Aerial view of Wallops Flight FacilityWallops Flight Facility, located on Virginia's Eastern Shore, was established in 1945 by the National Advisory Committee for Aeronautics (a forerunner to NASA), as a center for aeronautic research. Wallops launched its first rocket July 4, 1945. Since then, more than 14,000 rockets have lifted off from its facilities.

Wallops (managed by Goddard) is now NASA's principal facility for management and implementation of suborbital research programs. Wallops launches low-cost, versatile suborbital and orbital rockets, balloons and aircraft in support of Goddard Earth and space science research. The facility, near Chincoteague, Va., also serves as a test site for new launch technologies.

Wallops encompasses 6188 acres of land. The facility has 84 major buildings, including aircraft hangars. 

› Wallops website

 

Independent Verification and Validation Facility

IV&VA software error, no matter if it originates in a spacecraft or at control centers on the ground, has as much potential to bring a mission to a halt as does a hardware problem. That's why the Independent Verification and Validation Facility puts critical mission programs through elaborate testing. The primary function of the IV&V, located in Fairmont, W.Va., is to ensure specialized computer programs developed for missions operate perfectly.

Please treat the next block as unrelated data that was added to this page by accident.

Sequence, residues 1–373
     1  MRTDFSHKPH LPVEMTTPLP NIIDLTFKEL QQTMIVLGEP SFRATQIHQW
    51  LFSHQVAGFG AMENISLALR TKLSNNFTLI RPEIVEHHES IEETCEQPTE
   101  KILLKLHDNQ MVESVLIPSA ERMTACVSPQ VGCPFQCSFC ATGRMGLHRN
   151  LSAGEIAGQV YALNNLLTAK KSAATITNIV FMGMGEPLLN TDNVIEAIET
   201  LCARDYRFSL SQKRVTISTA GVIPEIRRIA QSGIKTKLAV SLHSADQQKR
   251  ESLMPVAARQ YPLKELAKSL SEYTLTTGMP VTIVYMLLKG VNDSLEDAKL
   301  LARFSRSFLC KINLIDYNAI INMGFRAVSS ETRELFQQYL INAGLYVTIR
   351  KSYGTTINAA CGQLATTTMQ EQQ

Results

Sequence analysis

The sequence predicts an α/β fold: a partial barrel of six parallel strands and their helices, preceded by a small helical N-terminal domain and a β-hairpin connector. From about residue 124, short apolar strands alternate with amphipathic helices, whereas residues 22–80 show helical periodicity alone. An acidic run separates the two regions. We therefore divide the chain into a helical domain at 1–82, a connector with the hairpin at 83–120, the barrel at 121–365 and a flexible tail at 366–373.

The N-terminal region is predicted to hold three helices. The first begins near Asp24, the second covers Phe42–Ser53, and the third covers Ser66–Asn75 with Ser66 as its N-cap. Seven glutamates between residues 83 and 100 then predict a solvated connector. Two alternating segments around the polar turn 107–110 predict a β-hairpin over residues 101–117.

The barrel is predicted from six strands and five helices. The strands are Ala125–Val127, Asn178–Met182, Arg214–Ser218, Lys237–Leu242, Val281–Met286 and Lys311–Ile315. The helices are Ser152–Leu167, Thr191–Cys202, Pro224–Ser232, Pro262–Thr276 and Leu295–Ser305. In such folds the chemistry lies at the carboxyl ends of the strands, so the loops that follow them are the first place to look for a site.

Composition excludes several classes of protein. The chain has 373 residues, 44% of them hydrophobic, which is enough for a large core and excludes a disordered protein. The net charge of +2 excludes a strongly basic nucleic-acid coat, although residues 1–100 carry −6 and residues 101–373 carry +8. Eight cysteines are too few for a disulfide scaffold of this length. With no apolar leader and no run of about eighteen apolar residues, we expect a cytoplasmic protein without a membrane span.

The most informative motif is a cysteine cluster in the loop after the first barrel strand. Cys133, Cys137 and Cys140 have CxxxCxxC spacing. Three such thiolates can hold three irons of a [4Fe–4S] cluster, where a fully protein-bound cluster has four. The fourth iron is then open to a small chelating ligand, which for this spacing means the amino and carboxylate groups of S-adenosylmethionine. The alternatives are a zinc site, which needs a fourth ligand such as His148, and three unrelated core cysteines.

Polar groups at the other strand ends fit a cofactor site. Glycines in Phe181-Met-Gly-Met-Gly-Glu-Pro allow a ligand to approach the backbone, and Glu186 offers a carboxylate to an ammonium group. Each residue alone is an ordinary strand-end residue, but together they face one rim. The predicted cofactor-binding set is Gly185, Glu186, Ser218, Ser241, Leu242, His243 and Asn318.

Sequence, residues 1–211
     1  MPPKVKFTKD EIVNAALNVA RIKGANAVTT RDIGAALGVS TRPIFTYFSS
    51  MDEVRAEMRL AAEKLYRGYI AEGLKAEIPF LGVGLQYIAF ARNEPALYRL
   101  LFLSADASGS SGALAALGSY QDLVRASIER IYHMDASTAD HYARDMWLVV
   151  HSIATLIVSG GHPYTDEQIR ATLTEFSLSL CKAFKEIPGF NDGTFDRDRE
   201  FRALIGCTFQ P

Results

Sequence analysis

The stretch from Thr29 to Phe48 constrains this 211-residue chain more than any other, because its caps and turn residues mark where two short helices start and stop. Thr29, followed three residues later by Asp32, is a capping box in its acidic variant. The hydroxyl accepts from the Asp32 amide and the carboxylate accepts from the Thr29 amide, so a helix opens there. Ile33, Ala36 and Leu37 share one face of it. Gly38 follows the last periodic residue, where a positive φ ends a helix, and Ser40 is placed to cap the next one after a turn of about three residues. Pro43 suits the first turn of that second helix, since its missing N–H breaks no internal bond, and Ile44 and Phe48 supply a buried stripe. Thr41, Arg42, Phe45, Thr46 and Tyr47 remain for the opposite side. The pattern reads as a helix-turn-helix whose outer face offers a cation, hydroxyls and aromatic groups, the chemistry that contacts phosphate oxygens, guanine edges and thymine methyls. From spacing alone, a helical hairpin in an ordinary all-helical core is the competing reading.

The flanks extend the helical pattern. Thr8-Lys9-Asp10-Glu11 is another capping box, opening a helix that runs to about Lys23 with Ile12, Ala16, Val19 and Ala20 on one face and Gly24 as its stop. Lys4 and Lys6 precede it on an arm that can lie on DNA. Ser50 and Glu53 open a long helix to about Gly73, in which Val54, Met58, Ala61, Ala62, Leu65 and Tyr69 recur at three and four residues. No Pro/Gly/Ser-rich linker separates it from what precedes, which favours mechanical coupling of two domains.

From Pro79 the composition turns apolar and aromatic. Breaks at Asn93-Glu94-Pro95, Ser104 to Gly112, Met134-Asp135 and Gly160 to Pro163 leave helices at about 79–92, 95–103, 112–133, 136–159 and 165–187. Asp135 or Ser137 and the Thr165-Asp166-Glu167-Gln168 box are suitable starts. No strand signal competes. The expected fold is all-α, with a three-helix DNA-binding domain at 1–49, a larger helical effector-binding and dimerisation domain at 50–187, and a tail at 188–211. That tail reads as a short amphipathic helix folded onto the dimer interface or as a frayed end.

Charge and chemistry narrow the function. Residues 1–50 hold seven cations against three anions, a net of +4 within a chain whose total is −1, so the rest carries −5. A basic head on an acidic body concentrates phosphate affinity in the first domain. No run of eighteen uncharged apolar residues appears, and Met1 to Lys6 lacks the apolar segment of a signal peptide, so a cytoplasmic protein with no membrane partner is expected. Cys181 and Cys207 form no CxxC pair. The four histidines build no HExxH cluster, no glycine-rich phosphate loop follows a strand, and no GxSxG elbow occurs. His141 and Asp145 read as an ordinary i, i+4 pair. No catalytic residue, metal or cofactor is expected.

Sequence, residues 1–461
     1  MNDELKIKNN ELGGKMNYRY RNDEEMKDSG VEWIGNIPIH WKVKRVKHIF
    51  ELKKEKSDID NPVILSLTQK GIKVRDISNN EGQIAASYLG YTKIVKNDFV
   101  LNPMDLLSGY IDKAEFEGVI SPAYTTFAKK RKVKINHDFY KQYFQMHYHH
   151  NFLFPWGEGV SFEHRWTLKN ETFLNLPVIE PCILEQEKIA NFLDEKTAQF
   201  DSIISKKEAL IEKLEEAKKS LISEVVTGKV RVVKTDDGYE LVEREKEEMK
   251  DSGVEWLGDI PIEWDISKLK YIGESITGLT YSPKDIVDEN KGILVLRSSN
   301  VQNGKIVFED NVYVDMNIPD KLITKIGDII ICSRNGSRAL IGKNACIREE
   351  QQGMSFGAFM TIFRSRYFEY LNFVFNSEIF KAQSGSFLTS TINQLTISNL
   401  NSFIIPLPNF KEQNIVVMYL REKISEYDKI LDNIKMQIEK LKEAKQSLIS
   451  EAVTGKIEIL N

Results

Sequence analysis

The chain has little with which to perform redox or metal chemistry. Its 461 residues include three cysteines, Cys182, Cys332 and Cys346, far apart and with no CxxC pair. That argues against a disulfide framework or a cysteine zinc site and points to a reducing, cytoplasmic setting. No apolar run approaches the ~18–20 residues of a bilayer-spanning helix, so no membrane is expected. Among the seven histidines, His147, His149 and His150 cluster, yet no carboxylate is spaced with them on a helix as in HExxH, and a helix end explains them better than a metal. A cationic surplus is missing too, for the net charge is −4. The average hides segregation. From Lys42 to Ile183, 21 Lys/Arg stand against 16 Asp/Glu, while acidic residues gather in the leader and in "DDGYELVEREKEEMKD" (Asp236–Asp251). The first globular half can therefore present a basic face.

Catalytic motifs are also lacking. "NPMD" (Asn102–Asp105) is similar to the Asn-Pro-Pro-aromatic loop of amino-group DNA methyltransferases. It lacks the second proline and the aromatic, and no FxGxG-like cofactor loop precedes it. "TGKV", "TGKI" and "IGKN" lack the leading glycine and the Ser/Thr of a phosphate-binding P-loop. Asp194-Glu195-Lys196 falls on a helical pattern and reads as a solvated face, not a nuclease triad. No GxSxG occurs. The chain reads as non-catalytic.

All aspects of software are examined, including design qualifications, documentation, and more, to ensure every stage of program development proceeds without problems.

The IV&V Program was established in 1993 as part of a NASA-wide strategy to provide the highest achievable levels of safety and cost-effectiveness for mission critical software. The NASA IV&V Program was founded under the NASA Office of Safety and Mission Assurance (OSMA) as a direct result of recommendations made by the National Research Council (NRC) and the Report of the Presidential Commission on the Space Shuttle Challenger Accident.

The IV&V has a longstanding research agreement with West Virginia University. Goddard manages the IV&V Facility on behalf of NASA.

› IV&V website

 

White Sands Test Facility

White SandsFor all the data that satellites gather to be of any use, it has to be sent back to Earth. Antenna dishes at the White Sands Test Facility, close to the foot of the San Andres Mountains outside Las Cruces, N.M., are just part of NASA's ground-based ways of "talking" to orbiting spacecraft and collecting their data.

NASA originally chartered the White Sands facility in the 1960s to test rocket engines and other manned spaceflight components. The area's mild weather (hence, a lessened chance of weather-related signal interference) made the complex an ideal home for the dishes as well. The first missions to use these antennas were the Goddard-managed Solar Dynamics Observatory and Lunar Reconnaissance Orbiter.

NASA's Johnson Space Center in Houston manages the overall White Sands complex, which also includes facilities operated by Goddard.

› White Sands website

 

Page Last Updated: September 30th, 2013
Page Editor: Rob Garner